The 5th largest reservoir in the state is 100-percent full, according to the Bureau of Reclamation Friday. That said, for the 27 million Californians it serves, it looks like 2019 is going to be a good water year. However, some state agencies are waiting on some things before making that determination.
The Bureau of Reclamation is giving the region’s storms all the credit for this. It’s what helped the reservoir reach full capacity in 2017, which was the last time it was full. The reservoir only reached 90-percent capacity in 2018, due to a fairly dry winter.
Friday’s news comes with the announcement that some water allocations under the Central Valley Project have increased. Here are the three updated allocations, according to a press release:
- North of the Delta, in-Delta and American River contractors’ allocations, increased to 100-percent.
- South-of-Delta agricultural water services contractors’ allocations, increased to 55-percent.
- South-of-Delta allocations for municipal and industrial contractors’ allocations, increased to 80-percent.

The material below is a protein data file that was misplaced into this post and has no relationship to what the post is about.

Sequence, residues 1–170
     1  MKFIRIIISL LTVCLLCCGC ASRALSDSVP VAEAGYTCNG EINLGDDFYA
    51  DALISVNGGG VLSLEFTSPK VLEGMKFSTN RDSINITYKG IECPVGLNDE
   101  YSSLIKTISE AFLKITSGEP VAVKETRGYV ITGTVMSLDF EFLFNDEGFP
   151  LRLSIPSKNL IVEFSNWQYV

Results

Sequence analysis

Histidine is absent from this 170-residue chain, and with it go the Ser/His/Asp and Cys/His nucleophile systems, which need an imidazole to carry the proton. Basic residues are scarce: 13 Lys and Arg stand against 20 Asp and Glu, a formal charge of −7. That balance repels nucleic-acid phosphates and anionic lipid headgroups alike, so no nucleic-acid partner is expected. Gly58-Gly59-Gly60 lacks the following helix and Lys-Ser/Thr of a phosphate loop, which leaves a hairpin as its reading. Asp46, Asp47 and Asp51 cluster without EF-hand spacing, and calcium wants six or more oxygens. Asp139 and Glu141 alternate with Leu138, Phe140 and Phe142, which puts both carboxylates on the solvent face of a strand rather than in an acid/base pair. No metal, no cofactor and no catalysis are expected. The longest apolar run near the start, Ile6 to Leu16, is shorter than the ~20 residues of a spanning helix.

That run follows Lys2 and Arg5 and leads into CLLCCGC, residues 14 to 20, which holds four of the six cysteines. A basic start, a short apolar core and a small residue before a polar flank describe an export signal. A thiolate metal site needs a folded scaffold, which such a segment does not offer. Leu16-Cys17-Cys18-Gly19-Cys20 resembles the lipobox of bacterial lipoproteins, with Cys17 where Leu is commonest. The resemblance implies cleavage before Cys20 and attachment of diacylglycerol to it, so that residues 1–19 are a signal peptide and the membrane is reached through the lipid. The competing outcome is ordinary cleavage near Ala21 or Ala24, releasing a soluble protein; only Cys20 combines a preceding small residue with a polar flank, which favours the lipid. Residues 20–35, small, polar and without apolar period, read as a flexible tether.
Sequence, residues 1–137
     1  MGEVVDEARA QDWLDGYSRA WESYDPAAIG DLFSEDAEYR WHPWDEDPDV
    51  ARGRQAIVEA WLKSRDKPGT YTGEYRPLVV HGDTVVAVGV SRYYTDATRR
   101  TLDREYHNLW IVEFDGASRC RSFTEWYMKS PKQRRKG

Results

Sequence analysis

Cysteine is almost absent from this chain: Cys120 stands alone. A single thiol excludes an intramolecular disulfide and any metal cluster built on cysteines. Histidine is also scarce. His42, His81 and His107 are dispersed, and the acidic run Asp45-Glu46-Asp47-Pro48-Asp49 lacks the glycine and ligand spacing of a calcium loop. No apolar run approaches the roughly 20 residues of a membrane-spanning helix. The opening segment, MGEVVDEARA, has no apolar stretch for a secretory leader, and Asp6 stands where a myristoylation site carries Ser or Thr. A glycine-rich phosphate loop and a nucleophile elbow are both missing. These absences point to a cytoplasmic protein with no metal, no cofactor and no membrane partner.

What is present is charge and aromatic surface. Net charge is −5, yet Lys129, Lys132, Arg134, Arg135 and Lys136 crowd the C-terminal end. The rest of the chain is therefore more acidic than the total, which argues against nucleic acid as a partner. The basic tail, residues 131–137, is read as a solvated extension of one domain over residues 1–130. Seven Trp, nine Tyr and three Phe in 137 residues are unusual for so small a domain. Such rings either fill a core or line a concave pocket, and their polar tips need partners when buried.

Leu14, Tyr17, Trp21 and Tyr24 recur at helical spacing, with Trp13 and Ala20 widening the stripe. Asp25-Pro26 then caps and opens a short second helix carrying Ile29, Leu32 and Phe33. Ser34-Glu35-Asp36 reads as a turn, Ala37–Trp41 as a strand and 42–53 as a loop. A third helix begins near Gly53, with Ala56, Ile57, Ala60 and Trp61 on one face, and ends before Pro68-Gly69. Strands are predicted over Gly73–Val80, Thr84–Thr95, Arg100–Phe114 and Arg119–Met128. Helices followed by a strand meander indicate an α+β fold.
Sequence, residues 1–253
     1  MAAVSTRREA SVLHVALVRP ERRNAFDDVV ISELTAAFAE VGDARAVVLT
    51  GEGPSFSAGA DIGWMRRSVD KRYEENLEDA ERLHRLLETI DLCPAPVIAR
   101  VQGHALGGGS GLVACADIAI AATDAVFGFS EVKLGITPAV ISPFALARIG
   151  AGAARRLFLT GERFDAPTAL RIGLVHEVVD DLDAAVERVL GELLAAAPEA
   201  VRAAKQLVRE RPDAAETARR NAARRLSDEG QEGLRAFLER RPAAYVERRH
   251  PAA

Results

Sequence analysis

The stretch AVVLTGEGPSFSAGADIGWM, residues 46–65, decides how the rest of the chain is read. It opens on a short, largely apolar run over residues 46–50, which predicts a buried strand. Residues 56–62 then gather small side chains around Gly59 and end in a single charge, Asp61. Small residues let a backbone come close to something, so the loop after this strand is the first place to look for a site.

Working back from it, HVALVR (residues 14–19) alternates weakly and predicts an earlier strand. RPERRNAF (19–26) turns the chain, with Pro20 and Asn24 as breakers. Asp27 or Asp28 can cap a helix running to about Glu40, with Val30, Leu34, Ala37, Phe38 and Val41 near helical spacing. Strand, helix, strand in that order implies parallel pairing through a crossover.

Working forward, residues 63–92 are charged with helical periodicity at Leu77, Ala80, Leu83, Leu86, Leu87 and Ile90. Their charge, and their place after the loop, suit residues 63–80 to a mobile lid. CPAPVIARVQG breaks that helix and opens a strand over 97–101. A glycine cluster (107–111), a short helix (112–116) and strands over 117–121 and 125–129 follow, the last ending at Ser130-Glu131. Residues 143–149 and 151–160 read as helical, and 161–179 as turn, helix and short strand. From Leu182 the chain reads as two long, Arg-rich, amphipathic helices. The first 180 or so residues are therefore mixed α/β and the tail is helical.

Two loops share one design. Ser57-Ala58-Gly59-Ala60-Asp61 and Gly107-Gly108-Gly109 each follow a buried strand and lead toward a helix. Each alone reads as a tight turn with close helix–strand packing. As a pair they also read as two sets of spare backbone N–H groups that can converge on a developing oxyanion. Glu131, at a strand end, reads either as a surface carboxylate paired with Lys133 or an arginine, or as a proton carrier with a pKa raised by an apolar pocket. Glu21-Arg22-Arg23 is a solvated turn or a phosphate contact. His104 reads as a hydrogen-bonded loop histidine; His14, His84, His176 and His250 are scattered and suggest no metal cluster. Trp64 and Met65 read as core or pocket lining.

Jery Blevins got distracted driving on Highway 152 Friday. She lives in Los Banos, so the reservoir isn’t new, but seeing it so blue was.
“I had to stop and take a picture,” said Blevins. “Feel like we have water again. It’s been dry for so many years.”
The inviting waters brought out boats, drones and lots of people just to admire the view Friday. Visitors hailed rom other parts of the state and even other parts of the country.
Caitlin Boyer is a tour guide with the Department of Water Resources out of their San Luis Field Division. She said full capacity means a more relaxed population and definitely more fun in the reservoir’s recreation area.
“If you’re from California, you know our water situation and I think it just kind of appeases everyone. Makes people feel better about the situation in California,” Boyer said.
While some new increased allocations were announced, Boyer said the only real thing to determine good water years is the melt from the snowpack. Then, of course, the only thing to ensure consistent water years is more wet winters.
“As long as we just keep our fingers crossed for next winter, we’ll be okay,” Boyer said.